Indiana AG hit with complaint in legal fight over 10-year-old's abortion case

Indianapolis, Indiana - Indiana's Republican attorney general is suing the state's largest hospital system in his continued crusade against a doctor who performed an abortion for a 10-year-old rape victim from Ohio.

Indiana Attorney General Todd Rokita (l.) was hit with a complaint in an escalating legal fight over abortion care provided by Dr. Caitlin Bernard to a 10-year-old.
Indiana Attorney General Todd Rokita (l.) was hit with a complaint in an escalating legal fight over abortion care provided by Dr. Caitlin Bernard to a 10-year-old.  © Collage: WIN MCNAMEE / GETTY IMAGES NORTH AMERICA / GETTY IMAGES VIA AFP & IMAGO / USA TODAY Network

Indiana AG Todd Rokita filed a lawsuit on Friday claiming that Indiana University Health wrongly stated that Dr. Caitlin Bernard had not violated patient privacy laws when she spoke to the media about the case.

Bernard made national headlines after providing an abortion to a 10-year-old victim of rape who had traveled from Ohio for care just days after the fall of Roe v. Wade.

Rokita quickly launched an investigation into the obstetrician-gynecologist after the news got out.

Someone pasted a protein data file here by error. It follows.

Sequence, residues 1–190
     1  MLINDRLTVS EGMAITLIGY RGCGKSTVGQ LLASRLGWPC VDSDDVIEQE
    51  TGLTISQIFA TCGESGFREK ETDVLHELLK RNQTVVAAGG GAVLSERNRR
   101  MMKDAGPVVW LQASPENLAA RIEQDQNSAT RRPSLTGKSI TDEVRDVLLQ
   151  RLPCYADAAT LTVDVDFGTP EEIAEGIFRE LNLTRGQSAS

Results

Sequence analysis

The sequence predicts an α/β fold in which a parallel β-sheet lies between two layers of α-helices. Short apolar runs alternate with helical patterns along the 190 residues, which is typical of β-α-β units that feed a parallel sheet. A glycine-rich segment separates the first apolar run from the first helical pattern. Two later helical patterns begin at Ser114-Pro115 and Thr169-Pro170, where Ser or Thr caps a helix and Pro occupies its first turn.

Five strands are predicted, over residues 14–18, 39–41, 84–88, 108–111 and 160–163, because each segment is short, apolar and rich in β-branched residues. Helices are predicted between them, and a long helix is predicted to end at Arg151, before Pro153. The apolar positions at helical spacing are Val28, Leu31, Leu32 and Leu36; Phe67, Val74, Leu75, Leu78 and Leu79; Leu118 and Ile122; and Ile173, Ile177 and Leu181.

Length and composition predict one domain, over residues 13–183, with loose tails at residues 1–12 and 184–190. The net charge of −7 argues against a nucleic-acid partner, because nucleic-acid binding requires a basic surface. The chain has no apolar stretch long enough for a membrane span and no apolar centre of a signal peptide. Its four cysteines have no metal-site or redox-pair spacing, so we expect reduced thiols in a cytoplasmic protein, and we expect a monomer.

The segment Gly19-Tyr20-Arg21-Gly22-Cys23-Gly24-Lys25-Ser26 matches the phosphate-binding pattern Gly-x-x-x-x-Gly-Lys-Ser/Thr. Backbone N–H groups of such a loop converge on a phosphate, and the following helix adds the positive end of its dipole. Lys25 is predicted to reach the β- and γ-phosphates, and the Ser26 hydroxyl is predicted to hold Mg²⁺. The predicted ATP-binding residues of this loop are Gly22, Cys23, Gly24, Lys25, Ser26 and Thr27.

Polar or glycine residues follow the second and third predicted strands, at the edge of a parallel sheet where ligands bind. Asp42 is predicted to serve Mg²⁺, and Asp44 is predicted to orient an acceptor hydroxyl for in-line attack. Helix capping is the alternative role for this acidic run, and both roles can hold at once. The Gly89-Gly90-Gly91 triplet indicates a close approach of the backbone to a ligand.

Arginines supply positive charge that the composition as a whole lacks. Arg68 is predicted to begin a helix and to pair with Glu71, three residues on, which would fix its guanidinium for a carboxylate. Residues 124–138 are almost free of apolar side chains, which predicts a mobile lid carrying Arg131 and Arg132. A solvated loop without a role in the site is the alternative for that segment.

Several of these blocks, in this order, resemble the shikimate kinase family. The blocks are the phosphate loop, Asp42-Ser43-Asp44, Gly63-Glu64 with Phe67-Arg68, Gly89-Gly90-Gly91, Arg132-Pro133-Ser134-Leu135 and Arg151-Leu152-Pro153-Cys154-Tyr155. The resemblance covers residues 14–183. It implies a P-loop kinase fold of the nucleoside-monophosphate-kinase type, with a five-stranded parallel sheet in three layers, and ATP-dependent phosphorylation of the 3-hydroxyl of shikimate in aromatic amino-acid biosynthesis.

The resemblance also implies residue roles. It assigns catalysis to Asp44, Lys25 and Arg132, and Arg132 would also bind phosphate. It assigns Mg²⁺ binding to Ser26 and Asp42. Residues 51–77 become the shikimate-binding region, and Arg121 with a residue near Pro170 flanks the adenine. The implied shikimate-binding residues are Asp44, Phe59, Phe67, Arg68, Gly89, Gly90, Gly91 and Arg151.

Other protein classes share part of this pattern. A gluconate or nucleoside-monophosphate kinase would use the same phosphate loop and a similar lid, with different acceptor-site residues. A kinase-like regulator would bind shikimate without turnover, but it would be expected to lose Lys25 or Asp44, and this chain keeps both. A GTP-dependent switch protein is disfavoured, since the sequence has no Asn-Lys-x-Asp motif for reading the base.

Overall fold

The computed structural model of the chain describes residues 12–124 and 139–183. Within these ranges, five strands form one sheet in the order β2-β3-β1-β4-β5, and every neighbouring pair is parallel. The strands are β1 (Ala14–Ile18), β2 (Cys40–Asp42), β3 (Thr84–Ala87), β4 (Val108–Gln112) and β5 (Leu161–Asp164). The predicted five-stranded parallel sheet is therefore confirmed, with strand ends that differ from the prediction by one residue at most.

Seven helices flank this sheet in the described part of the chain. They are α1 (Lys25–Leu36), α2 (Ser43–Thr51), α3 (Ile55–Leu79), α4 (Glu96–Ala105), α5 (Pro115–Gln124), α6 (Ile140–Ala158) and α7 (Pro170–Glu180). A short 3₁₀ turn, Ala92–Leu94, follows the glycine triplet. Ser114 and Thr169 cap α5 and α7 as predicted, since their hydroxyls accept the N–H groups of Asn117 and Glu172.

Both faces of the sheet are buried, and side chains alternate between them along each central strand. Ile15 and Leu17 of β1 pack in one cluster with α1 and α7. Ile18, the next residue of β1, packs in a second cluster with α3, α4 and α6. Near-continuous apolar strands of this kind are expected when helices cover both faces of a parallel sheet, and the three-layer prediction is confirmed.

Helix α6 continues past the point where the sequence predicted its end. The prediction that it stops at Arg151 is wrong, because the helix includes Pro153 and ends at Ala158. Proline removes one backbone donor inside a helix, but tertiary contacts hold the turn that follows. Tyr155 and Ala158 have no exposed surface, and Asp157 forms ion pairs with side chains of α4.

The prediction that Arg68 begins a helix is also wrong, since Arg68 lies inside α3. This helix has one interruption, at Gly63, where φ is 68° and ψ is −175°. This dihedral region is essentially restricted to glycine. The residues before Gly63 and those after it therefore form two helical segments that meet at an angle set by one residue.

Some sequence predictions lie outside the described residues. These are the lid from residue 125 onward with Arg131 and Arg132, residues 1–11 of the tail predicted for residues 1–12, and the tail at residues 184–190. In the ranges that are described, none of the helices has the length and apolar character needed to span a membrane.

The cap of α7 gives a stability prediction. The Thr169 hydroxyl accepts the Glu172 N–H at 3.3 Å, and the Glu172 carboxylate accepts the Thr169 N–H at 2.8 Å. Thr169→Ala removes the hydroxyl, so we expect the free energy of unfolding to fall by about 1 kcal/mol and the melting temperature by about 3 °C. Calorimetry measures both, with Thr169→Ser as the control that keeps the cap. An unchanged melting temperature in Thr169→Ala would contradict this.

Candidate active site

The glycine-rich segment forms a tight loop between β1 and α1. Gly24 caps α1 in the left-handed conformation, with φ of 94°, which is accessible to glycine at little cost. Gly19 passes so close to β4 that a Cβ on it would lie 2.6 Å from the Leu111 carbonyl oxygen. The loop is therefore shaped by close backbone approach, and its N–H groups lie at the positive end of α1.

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Indiana University Health told reporters it had reviewed Bernard's case and found her "in compliance with privacy laws," but the Indiana Medical Licensing Board later determined the doctor had violated the restrictions, the lawsuit accuses.

The board also found Bernard was fit to practice medicine.

Indiana AG Todd Rokita faces misconduct complaint

Just three days after filing his suit, Rokita became the subject of a complaint from the Indiana Supreme Court's disciplinary commission, which said he had engaged in misconduct in comments he made to the media about the abortion case. The Republican had gone on Fox News calling Bernard an "abortion activist acting as a doctor with a history of failing to report" child abuse cases.

Rokita has denied violating confidentiality rules, saying Bernard had done so first and casting the complaint as a form of "cancel culture."

"I am seeking re-election," the AG said in a statement, "and in the meantime, I will keep working for the people of Indiana, like protecting our 2nd Amendment, publishing the Parents’ Bill of Rights, enforcing the rule of law, handling more than 1,000 appeals cases filed by criminals each year and securing nearly $1 billion for Hoosier taxpayers."

Cover photo: Collage: WIN MCNAMEE / GETTY IMAGES NORTH AMERICA / GETTY IMAGES VIA AFP & IMAGO / USA TODAY Network

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